Ok, here's the problem. I have a coat rack that was installed poorly by the previous owner, who firstly installed it upside down and then secondly didn't use any drywall mounts. It came right out of the wall. I purchased some toggle bolts and some dry wall anchors only to discover what I believe is concrete behind the drywall (the back side of the wall is the elevator shaft).

Given that I cannot damage the concrete (it belongs to the condo's common property), and all of the drywall hangers I've seen are either too long or rely on the backside of the drywall being open, is there any way to mount the coat rack safely?

Any attachment should probably be able to take at least 50 lbs of weight, given I live in Canada and it will be holding up to five winter coats, mitts, hats, scarfs and it has a shelf above it where I occassionally put books and the like. Also the coat rack only has two holes for screws.

  • 1
    If the concrete is behind drywall, how will they ever know you "damaged" it? When you leave, just patch the drywall and no one will ever know any different. I think Bob has the right idea with Tapcons.
    – Steven
    Aug 9 '12 at 13:12
  • You seem unsure if you are hitting concrete or not. I assume you have holes in the drywall already. Can you see on the other side? If you have drilled holes, what color is the sawdust? Lets make sure we're dealing with concrete and not something like a composite wood (grey plastic) or a tile backing (looks like grey drywall).
    – Freiheit
    Aug 9 '12 at 14:53
  • Yes I'm quite unsure. The wall backs onto the elevator of a high rise apartment building. There could be concrete, but there could also easily be some other soundproofing layer. None of the holes I have are large enough to see into. All I can tell you is that it is most definitely denser than drywall. I'm assuming it runs the length of the wall because my stud finder shows the whole entire wall as a stud. And I can't drill into it with my 12$ power screwdriver or hammer into it (no I don't own a real drill). Aug 9 '12 at 15:44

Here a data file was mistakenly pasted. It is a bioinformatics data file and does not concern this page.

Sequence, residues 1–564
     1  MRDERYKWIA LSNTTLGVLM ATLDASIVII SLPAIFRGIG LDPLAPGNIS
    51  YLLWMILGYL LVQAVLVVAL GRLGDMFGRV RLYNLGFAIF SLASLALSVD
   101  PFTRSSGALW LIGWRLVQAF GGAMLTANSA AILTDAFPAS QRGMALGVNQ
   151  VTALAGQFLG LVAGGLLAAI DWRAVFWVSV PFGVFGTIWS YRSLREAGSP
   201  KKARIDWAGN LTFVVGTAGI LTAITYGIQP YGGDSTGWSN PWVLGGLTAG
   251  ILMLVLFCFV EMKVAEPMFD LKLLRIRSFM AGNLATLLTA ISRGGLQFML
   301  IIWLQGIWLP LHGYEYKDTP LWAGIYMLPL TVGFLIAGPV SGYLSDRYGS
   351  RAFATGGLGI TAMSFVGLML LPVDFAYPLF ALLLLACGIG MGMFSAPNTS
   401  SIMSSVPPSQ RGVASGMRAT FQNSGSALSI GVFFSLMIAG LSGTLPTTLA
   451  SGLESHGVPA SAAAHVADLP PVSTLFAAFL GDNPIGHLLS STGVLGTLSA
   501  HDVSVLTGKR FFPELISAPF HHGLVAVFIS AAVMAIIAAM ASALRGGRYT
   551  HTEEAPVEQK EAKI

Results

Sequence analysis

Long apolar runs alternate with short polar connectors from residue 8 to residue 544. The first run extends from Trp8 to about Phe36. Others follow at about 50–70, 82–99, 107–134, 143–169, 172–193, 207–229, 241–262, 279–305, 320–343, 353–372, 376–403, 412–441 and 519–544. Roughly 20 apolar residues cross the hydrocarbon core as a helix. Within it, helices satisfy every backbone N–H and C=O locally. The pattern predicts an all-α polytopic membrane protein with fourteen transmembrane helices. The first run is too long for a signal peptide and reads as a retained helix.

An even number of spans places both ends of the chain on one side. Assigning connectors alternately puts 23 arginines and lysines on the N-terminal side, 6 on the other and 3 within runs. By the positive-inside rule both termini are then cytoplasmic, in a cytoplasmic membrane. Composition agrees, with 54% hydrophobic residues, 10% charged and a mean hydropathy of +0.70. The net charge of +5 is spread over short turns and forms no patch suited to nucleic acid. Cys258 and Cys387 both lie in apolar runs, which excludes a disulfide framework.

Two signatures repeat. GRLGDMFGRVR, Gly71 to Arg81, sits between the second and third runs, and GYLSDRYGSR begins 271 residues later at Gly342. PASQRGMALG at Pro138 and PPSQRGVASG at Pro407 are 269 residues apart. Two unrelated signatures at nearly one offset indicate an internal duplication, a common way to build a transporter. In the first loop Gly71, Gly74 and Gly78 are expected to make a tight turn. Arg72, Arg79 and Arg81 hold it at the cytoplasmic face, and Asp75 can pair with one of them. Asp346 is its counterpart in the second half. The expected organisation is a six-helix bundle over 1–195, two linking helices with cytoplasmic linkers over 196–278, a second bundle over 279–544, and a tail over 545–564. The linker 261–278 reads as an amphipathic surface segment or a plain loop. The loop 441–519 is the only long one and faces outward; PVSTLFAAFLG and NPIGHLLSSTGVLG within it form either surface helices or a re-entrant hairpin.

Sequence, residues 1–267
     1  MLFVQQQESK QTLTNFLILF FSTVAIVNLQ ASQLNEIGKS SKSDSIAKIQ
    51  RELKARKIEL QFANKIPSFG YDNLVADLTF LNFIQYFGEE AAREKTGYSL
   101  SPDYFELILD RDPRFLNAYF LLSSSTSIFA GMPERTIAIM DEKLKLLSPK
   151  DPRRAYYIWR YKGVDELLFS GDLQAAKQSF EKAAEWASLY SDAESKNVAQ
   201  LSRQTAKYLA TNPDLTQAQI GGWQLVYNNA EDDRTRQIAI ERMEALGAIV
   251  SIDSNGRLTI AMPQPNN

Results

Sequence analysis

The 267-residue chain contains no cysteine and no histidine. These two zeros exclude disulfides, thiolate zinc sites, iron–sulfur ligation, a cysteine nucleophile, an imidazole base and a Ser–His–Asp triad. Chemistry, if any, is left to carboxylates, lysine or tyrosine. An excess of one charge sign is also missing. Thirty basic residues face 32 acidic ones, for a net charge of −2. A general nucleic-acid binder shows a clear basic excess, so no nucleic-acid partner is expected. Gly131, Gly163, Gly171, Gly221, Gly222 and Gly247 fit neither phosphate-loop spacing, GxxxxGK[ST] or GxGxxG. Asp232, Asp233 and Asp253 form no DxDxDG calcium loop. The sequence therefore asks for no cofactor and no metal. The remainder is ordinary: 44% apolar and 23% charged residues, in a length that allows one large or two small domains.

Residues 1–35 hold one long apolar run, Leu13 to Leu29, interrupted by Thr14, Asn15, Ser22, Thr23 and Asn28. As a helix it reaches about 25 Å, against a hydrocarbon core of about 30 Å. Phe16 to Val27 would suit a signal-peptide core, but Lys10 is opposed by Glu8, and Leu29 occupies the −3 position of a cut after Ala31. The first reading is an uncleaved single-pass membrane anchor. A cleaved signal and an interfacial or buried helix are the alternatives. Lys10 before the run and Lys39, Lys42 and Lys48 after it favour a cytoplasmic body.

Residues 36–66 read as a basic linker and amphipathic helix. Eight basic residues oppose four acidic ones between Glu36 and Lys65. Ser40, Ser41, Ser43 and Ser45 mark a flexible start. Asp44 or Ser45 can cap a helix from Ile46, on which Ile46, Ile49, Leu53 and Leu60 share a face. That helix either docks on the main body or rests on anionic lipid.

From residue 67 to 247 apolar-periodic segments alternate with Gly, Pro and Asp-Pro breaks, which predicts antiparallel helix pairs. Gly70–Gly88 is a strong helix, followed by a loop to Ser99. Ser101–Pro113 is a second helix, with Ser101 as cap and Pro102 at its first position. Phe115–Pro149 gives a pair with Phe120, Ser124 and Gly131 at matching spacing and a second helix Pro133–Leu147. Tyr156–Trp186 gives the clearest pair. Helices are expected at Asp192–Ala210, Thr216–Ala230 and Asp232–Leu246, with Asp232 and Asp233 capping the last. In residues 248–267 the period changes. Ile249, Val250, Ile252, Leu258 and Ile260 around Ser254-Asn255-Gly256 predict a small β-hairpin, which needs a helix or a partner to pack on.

• "I can't drill into it with my 12$ power screwdriver or hammer into it" - Pretty clear sign that its concrete or maybe a metal firewall. Crazy idea, see if its metal. Your stud finder might report this as wiring, or you can get a stout magnet and check.
    – Freiheit
    Aug 9 '12 at 16:26

To be sure of a sound attachment, you need to attach into the concrete. Anything else will almost surely fail. Plaster does not have the structural strength except where you can spread the load over a large area from behind the plaster, and even then it is iffy.

As suggested by others, to attach to the concrete, you can use tapcons, concrete expansion bolts, or expansion anchors that you put screws into. Any of these will make very small holes in the concrete and not compromise its strength. These holes could easily be filled when you leave.

SUPPLEMENT BASED ON COMMENTS: You need to know what you are drilling into if you go that route.

A very different approach would be to create what is basically a free standing rack and then fixing it lightly to the wall.